A Model Fish

Researchers can't test experimental cures for diseases and possible drug therapies on humans so they use the zebrafish for initial testing. That's because the journey from egg to embryo is the same in zebrafish and humans.

The image on the computer screen in the North Carolina Central University lab at the North Carolina Research Campus is both creepy and fascinating.

It is a creature that is green, with a giant eye, a rapidly opening and closing mouth, and what appears to be blood circulating through its veins. The moving particles seem to form a kind of trail throughout the body.

It is not a computer-generated model of an alien creature for the next Hollywood blockbuster. It is very real. It is a seven-day-old zebrafish under the microscope.

“These fish are perfect for research because in this case we can draw the vessels in the eyes so we can calculate the diameter of the eye,” says Karine Ferri-Lagneau, a research scientist at the NCCU lab. “By then combining pictures from days ago and the present, we can see the vascular and non-vascular images. So we can see if the blood vessels are growing or not growing.”

At first glance, the green creature seems to be out-of-this-world research. But it is actually very practical and down to earth. It turns out that zebrafish are important to researchers because the genes of zebrafish and humans are pretty similiar. In addition, zebrafish eggs are clear and grow outside of the mother’s body. That means scientists can watch the cells divide and form different parts of the body. Scientists can color different types of cells, proteins, enzymes and other items so they can see what happens to the fish if a cell is removed or destroyed. Also, researchers can measure the effects of drug therapies and even natural remedies.

Scientists with North Carolina Central University and North Carolina A&T University's Center for Excellence in Post Harvest Technologies teamed up to study the bioactive compounds in a pretty common spice - ginger. You can find ginger in a variety of products, such as ginger tea, processed ginger used for baking and flavoring, and even fresh ginger root. The spice has been used for centuries to calm upset stomachs. But early results show that ginger may treat several diseases. However, not all ginger is the same.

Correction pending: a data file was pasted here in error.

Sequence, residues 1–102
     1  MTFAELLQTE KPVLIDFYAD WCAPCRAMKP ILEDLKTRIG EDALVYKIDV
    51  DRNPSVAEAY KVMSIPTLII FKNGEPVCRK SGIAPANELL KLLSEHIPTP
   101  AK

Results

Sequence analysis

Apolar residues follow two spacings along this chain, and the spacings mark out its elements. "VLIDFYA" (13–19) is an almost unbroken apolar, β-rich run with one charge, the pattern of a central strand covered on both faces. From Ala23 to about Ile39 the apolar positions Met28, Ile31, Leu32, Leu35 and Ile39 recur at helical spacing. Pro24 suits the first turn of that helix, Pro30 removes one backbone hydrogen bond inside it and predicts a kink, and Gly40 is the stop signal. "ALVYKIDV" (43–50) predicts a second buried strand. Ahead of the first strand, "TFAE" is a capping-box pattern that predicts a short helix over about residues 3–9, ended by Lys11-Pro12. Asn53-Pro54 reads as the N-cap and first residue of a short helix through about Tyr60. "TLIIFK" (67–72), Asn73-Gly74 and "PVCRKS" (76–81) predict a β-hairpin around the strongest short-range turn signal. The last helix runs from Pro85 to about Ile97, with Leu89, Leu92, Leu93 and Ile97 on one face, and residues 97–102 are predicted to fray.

“There’s fresh ginger and dry ginger and the bioactive compounds in both are different,” says Dr. Shengmin Sang, lead researcher on the ginger study with North Carolina A&T University’s Center for Excellence in Post Harvest Technologies. “The processing changes the compounds and a lot of people are not aware of the difference.”

The biocompounds found in fresh ginger, called gingerols, appear to improve blood circulation and help treat anemia by speeding up the development of blood vessels and red blood cells.

“It increases the blood particles, the blood flow, and would be a huge benefit for those suffering from anemia, especially cancer patients who are undergoing treatments,” says Dr. Jamil Haider, research manager with North Carolina Central University. “There are very encouraging results but we need much more work.”

However, the biocompounds in processed ginger, called shogaols, seem to aid in cancer prevention.

Researchers want to understand the chemical profiles of each type of ginger and how the body processes them. That will determine how much ginger a person would need to eat or how it would need to be formulated to gain the most benefit.

And the tiny zebrafish is the key to understanding the effects. How it all works is pretty simple. Ginger is added to the water. The zebrafish gradually consume it. Scientists record the effects.

“You can transplant human cancer cells into the fish and you can see how it is interacting with the blood vessels along with how the cancer cell metastasizes into the other organs,” says Dr. TinChung Leung, a researcher with North Carolina Central University and the scientist who cares for and raises the zebrafish. “So when we transplant the cancer into the fish, we can see how the cancer is interacting with our own immune systems. The cancer cells can be labeled in one color and you can see the transgenic immune cells in the fish.”

Thanks to the zebrafish, this tiny creature from the slow moving stream and rice paddies of India, scientists are able to start asking basic questions. Are the host immune cells actually hijacked by the cancer cells? Are the cancer cells using the body’s immune systems to spread into other organs? And because the zebrafish is transparent, scientists can see all of this happening under the microscope in real time, which provides a real advantage for research.

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